Difference between revisions of "Beautiful soul"

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{| align="[[right]]" style="line-height:2.0em;text-align:justify;background-color:#fcfcfc;border:1px solid #aaa"
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| [[French]]: ''[[belle âme]]''
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| [[German]]: ''[[schöne Seele{{Bottom}}
  
The '[[beautiful soul]]' (Fr.''belle âme'', Ger. ''schöne Seele'') is a stage in the [[dialectic]] of self-consciousness which [[Hegel]] describes in the ''[[Phenomenology of Spirit]''.<ref>(Hegel, 1807)</ref>
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==Dialectic==
The [[beautiful soul]] projects its own disorder onto the world and attempts to cure this disorder by imposing 'the law of the heart' on everyone else.  
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The "[[beautiful soul]]" is a [[stage]] in the [[dialectic]] of [[self-consciousness]] which [[Hegel]] describes in the ''[[Phenomenology of Spirit]]''.<ref>[[Hegel|Hegel, G. W. F.]] ''[[Phenomenology of Spirit]]'', trans. A. V. [[Miller]], with [[Analysis]] of the [[Text]] and Foreward by [[J. N. Findlay]], Oxford: Clarendon Press, 1985 [1807].</ref> The [[beautiful soul]] projects its own disorder onto the [[world]] and attempts to [[cure]] this disorder by imposing "the law of the heart" on everyone else.  
For [[Lacan]], the [[beautiful soul]] is a perfect [[metaphor]] for the [[ego]]; "the ego of modern man ... has taken on its form in the dialectical impasse of the ''belle âme'' who does not recognise his very own ''raison d'être'' in the disorder that he denounces in the world."<ref>(E, 70)</ref>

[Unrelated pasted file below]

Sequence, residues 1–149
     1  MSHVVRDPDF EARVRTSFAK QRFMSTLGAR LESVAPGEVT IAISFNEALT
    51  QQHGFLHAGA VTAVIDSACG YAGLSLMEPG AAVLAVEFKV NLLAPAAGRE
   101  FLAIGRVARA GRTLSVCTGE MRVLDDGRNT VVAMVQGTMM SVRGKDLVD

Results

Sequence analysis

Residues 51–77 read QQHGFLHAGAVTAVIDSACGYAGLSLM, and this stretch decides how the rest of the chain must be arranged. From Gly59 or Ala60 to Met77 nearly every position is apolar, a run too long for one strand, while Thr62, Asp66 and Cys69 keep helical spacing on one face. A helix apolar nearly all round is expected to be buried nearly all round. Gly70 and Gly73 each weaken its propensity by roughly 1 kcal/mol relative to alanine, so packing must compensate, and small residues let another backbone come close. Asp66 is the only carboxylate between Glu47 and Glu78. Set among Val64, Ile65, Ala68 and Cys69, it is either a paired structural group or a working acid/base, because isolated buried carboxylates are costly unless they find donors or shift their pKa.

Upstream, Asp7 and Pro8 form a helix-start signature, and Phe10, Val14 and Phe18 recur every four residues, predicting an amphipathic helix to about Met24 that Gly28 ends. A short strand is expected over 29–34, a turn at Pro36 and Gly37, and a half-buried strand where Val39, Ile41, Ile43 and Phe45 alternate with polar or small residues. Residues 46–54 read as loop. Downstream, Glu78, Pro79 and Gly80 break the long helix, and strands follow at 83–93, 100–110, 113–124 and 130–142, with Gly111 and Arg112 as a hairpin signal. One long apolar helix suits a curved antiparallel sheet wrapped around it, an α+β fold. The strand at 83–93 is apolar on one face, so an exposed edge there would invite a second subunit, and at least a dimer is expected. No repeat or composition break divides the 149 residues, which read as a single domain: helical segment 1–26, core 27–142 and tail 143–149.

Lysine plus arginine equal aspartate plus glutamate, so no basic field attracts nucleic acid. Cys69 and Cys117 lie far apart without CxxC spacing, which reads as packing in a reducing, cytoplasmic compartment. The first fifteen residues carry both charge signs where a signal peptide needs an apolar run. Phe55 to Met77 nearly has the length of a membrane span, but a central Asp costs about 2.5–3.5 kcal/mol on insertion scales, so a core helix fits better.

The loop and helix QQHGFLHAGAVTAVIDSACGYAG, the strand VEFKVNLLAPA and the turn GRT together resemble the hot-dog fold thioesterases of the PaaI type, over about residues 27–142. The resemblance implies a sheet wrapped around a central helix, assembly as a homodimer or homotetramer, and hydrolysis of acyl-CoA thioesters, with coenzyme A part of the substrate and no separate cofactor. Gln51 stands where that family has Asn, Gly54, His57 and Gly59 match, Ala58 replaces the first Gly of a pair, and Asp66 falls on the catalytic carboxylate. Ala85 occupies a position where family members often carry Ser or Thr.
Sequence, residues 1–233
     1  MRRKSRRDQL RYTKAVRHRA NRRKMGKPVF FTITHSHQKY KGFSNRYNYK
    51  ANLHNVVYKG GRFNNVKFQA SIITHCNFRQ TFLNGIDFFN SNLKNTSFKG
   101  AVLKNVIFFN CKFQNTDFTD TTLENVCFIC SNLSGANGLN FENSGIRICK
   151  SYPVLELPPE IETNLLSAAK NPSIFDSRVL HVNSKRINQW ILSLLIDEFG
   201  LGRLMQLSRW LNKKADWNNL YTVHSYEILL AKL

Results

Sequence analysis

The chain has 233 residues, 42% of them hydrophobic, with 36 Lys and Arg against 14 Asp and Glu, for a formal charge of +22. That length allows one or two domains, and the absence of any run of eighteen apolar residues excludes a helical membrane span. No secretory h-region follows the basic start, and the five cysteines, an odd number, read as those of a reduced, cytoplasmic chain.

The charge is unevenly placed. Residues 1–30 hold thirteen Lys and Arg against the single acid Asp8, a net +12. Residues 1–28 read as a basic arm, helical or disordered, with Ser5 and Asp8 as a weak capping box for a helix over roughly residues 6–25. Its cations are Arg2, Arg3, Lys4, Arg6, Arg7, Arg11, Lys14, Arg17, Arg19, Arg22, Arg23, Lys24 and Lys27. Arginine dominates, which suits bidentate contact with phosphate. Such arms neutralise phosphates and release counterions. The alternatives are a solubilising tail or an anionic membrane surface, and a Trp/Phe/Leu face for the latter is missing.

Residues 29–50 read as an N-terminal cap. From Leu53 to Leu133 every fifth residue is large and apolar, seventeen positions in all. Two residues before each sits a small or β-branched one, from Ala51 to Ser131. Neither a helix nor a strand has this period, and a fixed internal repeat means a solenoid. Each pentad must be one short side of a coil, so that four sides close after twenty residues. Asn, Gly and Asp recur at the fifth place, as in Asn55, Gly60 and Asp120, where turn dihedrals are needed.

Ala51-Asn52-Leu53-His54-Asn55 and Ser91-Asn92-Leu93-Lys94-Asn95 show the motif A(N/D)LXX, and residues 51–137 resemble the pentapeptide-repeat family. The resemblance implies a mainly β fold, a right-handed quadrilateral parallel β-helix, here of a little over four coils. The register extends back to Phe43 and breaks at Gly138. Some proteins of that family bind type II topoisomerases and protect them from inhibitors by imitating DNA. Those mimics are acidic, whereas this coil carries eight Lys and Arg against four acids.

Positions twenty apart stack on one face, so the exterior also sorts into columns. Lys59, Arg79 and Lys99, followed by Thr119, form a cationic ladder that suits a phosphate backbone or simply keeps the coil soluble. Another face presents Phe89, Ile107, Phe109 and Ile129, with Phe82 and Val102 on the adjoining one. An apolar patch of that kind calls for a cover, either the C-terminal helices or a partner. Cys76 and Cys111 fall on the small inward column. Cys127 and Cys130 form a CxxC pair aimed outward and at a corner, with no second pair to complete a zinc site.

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In a more extreme way, the [[beautiful soul]] also illustrates the [[structure]] of [[paranoia]]c [[misrecognition]] (''méconnaissance'').<ref>(Ec, 172-3)</ref>
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==Ego==
The concept of the [[beautiful soul]] illustrates the way that [[neurosis|neurotics]] often deny their own responsibility for what is going on around them.  
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For [[Lacan]], the [[beautiful soul]] is a perfect [[metaphor]] for the [[ego]]:
The [[ethics]] of [[psychoanalysis]] enjoin [[analysand]]s to recognise their own part in their [[suffering]]s.  
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Thus when [[Dora]] complains about being treated as an [[object]] of exchange by the men around her, [[Freud]]'s first intervention is to confront her with her own complicity in this exchange.<ref>(Ec, 218-19; see Freud, 1905e)</ref>
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<blockquote>"[T]he ego of modern man ... has taken on its [[form]] in the [[dialectical]] [[impasse]] of the ''belle âme'' who does not recognise his very own ''raison d'être'' in the disorder that he denounces in the world."<ref>{{E}} p. 70</ref></blockquote>
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==Paranoia==
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In a more extreme way, the [[beautiful soul]] also illustrates the [[structure]] of [[paranoia]]c [[misrecognition]] (''[[méconnaissance]]'').<ref>{{Ec}} pp. 172-3</ref>
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==Neurosis==